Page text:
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Swing Time Cover Image
Posted on Thursday, November 17, 2016

Zadie Smith’s funny and energetic new novel Swing Time tells the story of childhood friends Tracey and the book’s unnamed narrator; Tracey is a talented dancer, the narrator loves dance but is not gifted at it. They both live in a northwest London housing estate that the narrator eventually leaves and Tracey doesn’t. This deceptively simple story is the root of a layered, clever, and thought-provoking mediation on, well, lots of things. Smith’s primary concern is how identities can blend and mix. But Swing Time also touches on pop stardom, the perils of postcolonial charity, slavery tourism, sexy disco music, blackface in Hollywood musicals, and more. The amazing thing about Zadie Smith is how sharp and funny she is, even when the book has such a wide range of interests. Plus, Swing Time features Smith’s first first-person narrator, which leads to a complicated yet limited perspective that ties it all together while leaving open some intriguing questions. The end result, much like White Teeth, On Beauty, and NW before it, is funny, compulsively readable, and cleverly critical of today’s world.
Recommended by Danny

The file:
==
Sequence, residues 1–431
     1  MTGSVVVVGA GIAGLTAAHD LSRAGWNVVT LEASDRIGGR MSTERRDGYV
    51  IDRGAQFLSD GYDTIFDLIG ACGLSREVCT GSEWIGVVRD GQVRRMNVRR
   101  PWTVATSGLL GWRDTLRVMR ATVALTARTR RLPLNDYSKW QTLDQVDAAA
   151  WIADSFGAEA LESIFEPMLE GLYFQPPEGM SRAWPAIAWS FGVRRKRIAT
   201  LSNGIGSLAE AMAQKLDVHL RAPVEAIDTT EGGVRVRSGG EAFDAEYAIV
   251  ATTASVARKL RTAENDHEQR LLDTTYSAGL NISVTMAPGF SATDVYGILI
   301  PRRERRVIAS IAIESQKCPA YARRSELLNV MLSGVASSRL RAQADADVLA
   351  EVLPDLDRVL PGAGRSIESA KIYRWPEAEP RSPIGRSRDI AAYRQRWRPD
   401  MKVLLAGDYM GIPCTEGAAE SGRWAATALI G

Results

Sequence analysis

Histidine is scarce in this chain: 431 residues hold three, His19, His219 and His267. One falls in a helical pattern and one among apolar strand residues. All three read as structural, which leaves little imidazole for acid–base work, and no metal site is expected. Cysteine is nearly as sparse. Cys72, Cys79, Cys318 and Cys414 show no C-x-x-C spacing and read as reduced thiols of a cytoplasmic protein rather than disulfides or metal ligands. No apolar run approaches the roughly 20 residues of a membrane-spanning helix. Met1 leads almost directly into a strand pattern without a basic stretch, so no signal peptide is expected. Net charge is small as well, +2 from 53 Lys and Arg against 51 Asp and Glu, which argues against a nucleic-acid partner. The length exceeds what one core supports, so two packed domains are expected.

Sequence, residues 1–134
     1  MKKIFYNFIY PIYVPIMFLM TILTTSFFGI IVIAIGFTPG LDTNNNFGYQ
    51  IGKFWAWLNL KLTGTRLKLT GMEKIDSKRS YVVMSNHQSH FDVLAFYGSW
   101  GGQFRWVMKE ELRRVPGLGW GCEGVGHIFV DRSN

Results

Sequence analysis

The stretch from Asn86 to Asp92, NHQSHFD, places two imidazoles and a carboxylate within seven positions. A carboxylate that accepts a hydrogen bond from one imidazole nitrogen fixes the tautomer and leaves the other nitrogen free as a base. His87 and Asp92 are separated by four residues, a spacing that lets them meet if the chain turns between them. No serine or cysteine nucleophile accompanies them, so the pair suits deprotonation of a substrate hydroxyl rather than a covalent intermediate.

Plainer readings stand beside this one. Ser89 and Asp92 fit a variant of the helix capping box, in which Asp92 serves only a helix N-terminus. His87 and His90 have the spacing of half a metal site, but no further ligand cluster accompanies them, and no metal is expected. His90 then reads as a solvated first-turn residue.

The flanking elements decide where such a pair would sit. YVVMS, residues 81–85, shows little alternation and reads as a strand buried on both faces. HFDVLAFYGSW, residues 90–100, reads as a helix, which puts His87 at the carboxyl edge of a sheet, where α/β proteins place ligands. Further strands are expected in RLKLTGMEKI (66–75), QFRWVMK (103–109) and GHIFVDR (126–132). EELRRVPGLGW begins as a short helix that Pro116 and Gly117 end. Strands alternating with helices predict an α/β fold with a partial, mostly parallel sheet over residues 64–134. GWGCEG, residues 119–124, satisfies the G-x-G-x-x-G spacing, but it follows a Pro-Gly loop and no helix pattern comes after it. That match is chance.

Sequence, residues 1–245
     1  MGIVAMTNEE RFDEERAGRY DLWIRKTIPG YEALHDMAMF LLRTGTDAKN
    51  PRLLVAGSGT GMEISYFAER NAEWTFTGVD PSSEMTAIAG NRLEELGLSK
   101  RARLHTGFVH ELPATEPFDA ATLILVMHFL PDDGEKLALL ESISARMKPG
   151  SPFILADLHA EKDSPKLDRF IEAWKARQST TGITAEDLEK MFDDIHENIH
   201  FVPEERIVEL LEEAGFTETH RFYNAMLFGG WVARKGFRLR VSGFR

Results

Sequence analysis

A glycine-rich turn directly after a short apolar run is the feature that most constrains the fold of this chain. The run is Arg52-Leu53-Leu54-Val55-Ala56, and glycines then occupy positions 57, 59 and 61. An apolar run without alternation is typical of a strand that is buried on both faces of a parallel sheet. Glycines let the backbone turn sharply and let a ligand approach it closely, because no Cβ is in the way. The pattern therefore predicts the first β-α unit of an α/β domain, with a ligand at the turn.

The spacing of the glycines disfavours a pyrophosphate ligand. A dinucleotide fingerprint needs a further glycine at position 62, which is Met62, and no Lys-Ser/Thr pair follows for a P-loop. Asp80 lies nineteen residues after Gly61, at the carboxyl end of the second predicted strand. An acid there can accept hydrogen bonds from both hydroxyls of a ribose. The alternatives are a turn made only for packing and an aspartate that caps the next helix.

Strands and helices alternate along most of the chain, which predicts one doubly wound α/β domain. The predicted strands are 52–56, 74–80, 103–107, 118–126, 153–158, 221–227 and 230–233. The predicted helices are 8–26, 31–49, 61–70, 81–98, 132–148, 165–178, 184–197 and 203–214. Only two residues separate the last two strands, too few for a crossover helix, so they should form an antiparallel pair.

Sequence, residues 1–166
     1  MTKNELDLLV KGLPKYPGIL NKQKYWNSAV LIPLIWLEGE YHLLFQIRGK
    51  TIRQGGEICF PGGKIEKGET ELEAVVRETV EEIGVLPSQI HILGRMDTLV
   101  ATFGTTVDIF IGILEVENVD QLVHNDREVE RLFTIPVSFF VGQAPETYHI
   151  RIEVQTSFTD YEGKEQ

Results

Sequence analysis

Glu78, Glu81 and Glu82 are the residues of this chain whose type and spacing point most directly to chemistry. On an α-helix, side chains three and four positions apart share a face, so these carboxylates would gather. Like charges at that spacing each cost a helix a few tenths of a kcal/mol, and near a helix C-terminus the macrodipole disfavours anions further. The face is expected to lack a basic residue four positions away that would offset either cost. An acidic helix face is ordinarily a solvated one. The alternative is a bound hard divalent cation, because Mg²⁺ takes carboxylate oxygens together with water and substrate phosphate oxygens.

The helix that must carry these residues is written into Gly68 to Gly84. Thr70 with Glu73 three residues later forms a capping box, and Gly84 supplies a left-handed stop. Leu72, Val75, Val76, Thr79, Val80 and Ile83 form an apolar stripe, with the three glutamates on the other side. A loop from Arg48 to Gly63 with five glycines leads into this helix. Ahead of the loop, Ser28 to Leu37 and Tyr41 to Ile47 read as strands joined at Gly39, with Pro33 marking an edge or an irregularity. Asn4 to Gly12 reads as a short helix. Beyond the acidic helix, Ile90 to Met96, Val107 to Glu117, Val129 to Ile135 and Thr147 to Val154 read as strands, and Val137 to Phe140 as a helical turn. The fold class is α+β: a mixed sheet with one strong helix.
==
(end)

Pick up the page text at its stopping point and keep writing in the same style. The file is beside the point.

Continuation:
Tru & Nelle Cover Image
Posted on Thursday, November 17, 2016

Tru and Nelle by Neri G. is a terrific young adult book about the friendship between Truman Capote and Nelle Harper Lee. Based on real events in the lives of these two literary figures, the book in many ways mirrors To Kill a Mockingbird, hinting at the real characters and events in Monroeville, Alabama that gave birth to their parallels in the novel. It's beautifully written and has both the adventure and moral peril present in To Kill a Mockingbird. Highly recommended by Kelly.

Eleanor and Hick: The Love Affair That Shaped a First Lady Cover Image
Posted on Thursday, October 27, 2016

Eleanor and Hick: The Love Affair That Shaped a First Lady by Susan Quinn. Though it's no secret that Eleanor Roosevelt had a long-term affair with journalist Lorena Hickok, Quinn's careful examination of their decades-long correspondence reveals the depth of both their love and fear during a time when such relationships were strictly verboten. The narrative views the tumultuous days of Depression, world war, and social change through the window of cultural trespass, which offers interesting insights into both a much-studied era and political icon. Recommended by Kelly.

Anybody: Poems Cover Image
Posted on Thursday, October 27, 2016